Production and Physico-Chemical Characterisation of Kusum Oil Methyl Ester as an Alternative Fuel in Diesel Engine
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The growing awareness regarding long-term availability of mineral diesel and its environmental consequences, the fluctuating nature of international crude oil prices, the vulnerability of energy security towards oil-based geopolitics, etc., have mandated the search for alternative fuel sources for diesel engines. In this context, biodiesel derived from a variety of feedstocks, like vegetable oils and animal fat, by transesterification has been considered as a promising solution to the crippling energy- and environment-related crises slowly engulfing India. Most of the vegetable oils used for biodiesel production in the developed countries are edible in nature. However, in India, edible oil-based biodiesel is a distant dream due to the lack of self-sufficiency of the country in edible oil production. Therefore, non-edible vegetable oil-producing plants growing in barren lands are a good source of biodiesel in the Indian scenario. Hence, there is an urgent need to explore the potential non-edible oil sources for biodiesel production that can supplement the Government of India's biofuel policy and may help to realise the vision of 20% biodiesel blending by 2017. The present research work deals with the production of biodiesel and a comprehensive physico-chemical characterisation of a relatively underutilised non-edible vegetable oil species known as Kusum oil (Schleichera oleosa), which has a near omnipresence throughout the subcontinent with special penetration in the remote and tribal locations. In the present study, kusum oil methyl ester (KOME) was produced using a two-stage esterification cum transesterification process on account of the high free fatty acid (FFA) contents of the oil. In the esterification stage, 0.85% by mass of catalyst (p-Toluenesulfonic acid), at 60°C temperature with constant agitation at 450 rpm led to less than 2% FFA in 45 min. Similarly, the transesterification stage led to 97.2% ester yield using 1.4% by mass of catalyst (potassium hydroxide), at 65°C temperature in 100 min under constant agitation at 450 rpm. Various physico-chemical properties of KOME, like density, viscosity, heating value, etc., were measured and found to be satisfactorily compliant with the corresponding ASTM/EN standards. The fatty acid profile suggested that KOME possessed 40% unsaturated fatty acids and around 53% saturated fatty acids. The results of oxidation stability indicated no substantial peroxide formations for 6 h in the biodiesel rancimat, thus conforming to the EN standard. The cold flow plugging point of KOME was -1°C, as compared with -9°C indicated by the neat diesel. In the light of the above study, it may be concluded that kusum oil is a promising feedstock for biodiesel production and efforts need to be made to exploit the same for commercial-scale usage.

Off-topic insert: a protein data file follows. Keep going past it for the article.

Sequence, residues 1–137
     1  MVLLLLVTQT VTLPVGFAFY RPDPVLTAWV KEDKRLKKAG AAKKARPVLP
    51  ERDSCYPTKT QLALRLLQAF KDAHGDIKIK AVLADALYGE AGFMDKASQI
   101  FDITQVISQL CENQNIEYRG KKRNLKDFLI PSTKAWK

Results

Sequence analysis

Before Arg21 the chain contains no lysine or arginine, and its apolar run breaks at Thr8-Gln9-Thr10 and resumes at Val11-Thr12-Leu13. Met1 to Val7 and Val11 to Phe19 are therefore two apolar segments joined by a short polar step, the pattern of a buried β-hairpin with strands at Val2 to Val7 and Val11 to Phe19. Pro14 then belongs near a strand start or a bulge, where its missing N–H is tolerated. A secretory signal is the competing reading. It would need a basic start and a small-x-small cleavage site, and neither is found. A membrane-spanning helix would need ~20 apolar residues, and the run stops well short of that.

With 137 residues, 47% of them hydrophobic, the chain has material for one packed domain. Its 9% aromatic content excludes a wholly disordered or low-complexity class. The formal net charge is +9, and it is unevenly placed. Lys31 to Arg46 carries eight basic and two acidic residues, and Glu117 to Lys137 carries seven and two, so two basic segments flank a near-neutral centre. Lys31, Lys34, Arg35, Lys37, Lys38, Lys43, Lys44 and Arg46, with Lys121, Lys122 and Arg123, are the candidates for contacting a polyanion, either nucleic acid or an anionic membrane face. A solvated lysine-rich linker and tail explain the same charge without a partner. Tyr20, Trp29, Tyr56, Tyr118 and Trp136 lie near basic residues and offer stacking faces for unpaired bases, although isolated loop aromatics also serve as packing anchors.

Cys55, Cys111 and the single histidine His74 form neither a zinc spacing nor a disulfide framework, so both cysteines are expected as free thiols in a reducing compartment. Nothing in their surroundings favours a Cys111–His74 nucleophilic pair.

Alternative fuel, Biodiesel, Diesel engine, Kusum oil, Non-edible oil, Transesterification etc.
ASTM = American Society for Testing Materials, EN = European Norm/Norms, ISO = International Organization for Standardization.